ROMNEY: Let's step back and make sure I make something very clear from the very outset. I understand health care pretty darn well, having been through what I went through as a governor. And one thing I'd do on day one if I'm elected president is direct my secretary of health and human services to put out an executive order granting a waiver from Obamacare to all 50 states. It is bad law, it will not work, and I'll get that done in day one.... One thing I know, and that is that what President Obama put in place is not going to work. It's massively expensive. In our state, our plan covered 8 percent of the people, the uninsured. His plan is taking over 100 percent of the people, and the American people don't like it and should vote it down.
Mitt Romney Reacts To Supreme Court Ruling: "I Will Repeal ObamaCare"
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In my view, instead, the right way for us to go is to bring in place the kind of market dynamics that make the rest of the economy so successful.
So my plan gets everybody in America insured, takes the burden of free riders off of our auto companies and everybody else, and says let's get everybody in the system.
And to do that, we say, look, we're going to have states create their own plans. We did it in our state, and it's working. We're not going to have the federal government tell them how to do it.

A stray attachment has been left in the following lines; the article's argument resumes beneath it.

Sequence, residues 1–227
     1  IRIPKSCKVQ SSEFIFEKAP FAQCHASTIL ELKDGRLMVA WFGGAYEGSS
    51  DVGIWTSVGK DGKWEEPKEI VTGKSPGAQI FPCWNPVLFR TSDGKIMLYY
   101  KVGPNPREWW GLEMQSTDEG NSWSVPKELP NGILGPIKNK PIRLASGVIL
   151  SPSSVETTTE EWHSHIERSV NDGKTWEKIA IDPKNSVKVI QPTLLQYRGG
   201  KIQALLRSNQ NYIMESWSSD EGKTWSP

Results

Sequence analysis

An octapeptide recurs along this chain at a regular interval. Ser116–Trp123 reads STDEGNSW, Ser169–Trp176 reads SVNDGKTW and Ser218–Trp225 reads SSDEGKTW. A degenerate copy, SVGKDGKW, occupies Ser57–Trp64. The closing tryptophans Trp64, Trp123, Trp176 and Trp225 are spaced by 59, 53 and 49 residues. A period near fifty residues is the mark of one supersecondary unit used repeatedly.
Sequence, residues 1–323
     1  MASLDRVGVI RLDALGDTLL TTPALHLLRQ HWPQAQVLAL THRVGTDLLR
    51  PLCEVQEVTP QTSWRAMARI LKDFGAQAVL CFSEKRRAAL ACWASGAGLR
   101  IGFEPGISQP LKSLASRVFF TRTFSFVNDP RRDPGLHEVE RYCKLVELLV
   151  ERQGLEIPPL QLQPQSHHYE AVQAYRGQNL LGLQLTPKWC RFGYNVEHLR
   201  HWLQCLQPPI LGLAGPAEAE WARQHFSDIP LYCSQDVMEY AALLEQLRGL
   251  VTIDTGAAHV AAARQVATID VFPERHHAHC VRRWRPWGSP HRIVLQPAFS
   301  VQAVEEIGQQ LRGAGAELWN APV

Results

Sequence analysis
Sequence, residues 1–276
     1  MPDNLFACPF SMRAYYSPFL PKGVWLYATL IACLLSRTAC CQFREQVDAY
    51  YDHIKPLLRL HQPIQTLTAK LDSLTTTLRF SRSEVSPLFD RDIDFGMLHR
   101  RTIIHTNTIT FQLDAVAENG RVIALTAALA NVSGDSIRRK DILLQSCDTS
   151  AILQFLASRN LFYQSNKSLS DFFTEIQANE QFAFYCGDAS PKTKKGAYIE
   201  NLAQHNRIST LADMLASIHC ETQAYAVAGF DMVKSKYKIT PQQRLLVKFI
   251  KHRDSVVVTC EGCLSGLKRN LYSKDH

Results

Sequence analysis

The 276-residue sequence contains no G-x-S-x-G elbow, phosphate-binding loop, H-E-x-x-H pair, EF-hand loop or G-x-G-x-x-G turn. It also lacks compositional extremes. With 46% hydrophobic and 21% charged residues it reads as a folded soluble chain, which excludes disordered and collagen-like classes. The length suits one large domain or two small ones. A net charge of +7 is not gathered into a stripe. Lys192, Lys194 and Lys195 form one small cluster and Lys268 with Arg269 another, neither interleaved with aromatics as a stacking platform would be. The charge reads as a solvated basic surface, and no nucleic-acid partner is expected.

Number two, we're not going to spend more money. Hillary Clinton's plan costs $110 billion. Mine says, let's use the money we're already spending a little more wisely.
And number three, instead of having the federal government give you government insurance, Medicare and federal employee insurance, let's have private insurance. Our solutions as Republicans have to be able to deal with the big issue of our time economically for the American family, and that's health care. Get the cost of health care down. Get everybody insured, but not in a government takeover, but by using the dynamics that have always made our other markets so successful.
ROMNEY: We took as many mandates out as we could in our policies. And the legislature kept some there. I tried to take them all out; they put some back in. It was a compromise. They put some mandates there.
But, let me tell you how many we got out. The price of the premium for an individual, 42 years old, in Boston, used to $350 a month. Now, it's $180. We basically cut it in half by deregulating.
ROMNEY: Congressman, you're absolutely right that taking regulation out of insurance brings the price down, and that's why my plan would go state by state, deregulate them so we can get the cost of premiums down. But it is unacceptable to keep talking about this and still have 47 million people without health insurance. We got the job done. This is the first state in America that is on track to have everybody insured. Half of my uninsured are now insured, and I am proud of what we've done.
But, look, the best kind of prevention you can have in health care is to have a doctor. And if someone doesn't have a doctor, doesn't have a clinic they can go to, doesn't have health insurance to be able to provide the prescription drugs they need, you can't be healthy. And you need to have health insurance for all of our